Trump proposes wall-for-DACA in bid to end shutdown

WASHINGTON (Reuters) – U.S. President Donald Trump proposed an immigration deal on Saturday in a bid to end a 29-day partial government shutdown, including temporary protections for “Dreamers” and other immigrants, but Democrats immediately dismissed it.

Insisting on his demand for $5.7 billion to fund a U.S.-Mexico border barrier as part of any bill to fully reopen the government, Trump sought to pile pressure on Democrats by appealing to immigrants they have tried to help.

In a speech from the White House, Trump offered three years of protections for young undocumented immigrants known as “Dreamers,” as well as for holders of temporary protected status (TPS), another class of immigrants.

Decrying what he called a “badly broken” U.S. immigration system, Trump said, “I am here today to break the logjam and provide Congress with a path forward to end the government shutdown and solve the crisis along the southern border.”

But the protections he proposed fell far short of the path to citizenship for Dreamers that Democrats and some Republicans in Congress have been urging for years.

In a statement after Trump’s speech, Senate Republican Leader Mitch McConnell called the plan a “bold solution to reopen the government, secure the border, and take bipartisan steps toward addressing current immigration issues.”

A spokesman for McConnell said he would seek Senate passage of the proposal next week.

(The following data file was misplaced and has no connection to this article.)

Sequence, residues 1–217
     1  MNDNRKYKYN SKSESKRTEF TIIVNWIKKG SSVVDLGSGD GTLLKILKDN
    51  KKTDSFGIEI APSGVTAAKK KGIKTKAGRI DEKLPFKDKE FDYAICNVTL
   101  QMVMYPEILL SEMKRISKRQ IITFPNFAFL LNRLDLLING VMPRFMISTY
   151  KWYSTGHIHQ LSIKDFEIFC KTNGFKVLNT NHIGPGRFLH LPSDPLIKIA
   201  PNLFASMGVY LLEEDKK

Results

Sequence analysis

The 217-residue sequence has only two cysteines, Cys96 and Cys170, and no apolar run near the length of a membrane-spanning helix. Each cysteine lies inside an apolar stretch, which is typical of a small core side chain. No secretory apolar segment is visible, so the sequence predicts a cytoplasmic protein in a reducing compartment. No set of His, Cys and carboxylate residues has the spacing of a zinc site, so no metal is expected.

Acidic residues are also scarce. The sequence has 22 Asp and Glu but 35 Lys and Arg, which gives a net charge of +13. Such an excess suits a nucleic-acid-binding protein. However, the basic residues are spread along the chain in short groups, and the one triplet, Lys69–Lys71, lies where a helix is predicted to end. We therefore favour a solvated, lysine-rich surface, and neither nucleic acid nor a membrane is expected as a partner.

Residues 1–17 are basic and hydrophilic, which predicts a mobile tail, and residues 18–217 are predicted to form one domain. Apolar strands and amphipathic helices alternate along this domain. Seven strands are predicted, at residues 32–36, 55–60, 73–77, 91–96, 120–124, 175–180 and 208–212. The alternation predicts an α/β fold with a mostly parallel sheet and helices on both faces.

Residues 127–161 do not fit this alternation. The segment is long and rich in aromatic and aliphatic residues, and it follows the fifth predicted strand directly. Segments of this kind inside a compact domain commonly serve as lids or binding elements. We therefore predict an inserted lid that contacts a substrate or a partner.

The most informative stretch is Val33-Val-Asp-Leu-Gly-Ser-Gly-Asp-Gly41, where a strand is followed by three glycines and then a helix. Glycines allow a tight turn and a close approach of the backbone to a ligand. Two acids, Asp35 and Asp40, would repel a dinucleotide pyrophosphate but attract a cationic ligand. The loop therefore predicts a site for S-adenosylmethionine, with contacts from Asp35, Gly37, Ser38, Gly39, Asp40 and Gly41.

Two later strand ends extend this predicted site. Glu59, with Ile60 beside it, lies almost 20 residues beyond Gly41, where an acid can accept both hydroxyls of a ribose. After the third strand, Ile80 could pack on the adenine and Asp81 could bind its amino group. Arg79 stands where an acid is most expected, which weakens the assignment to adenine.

Democrats insisted talks on border security occur only after the government is reopened. Senate Democratic Leader Chuck Schumer said, “It was the president who singled-handedly took away DACA and TPS protections in the first place. Offering some protections back in exchange for the wall is not a compromise but more hostage taking.”

Even before Trump spoke, House of Representatives Speaker Nancy Pelosi said his offer as reported in advance was “unacceptable,” did not “represent a good-faith effort to restore certainty to people’s lives,” and was unlikely to gain the votes needed to pass the House or the Senate.

About a quarter of the U.S. government has been partially shut down since Dec. 22, as funding has expired for reasons mostly unrelated to the border or immigration.

Read more here: https://www.reuters.com/article/us-usa-shutdown-trump/trump-proposes-wall-for-daca-in-bid-to-end-shutdown-idUSKCN1PD0KF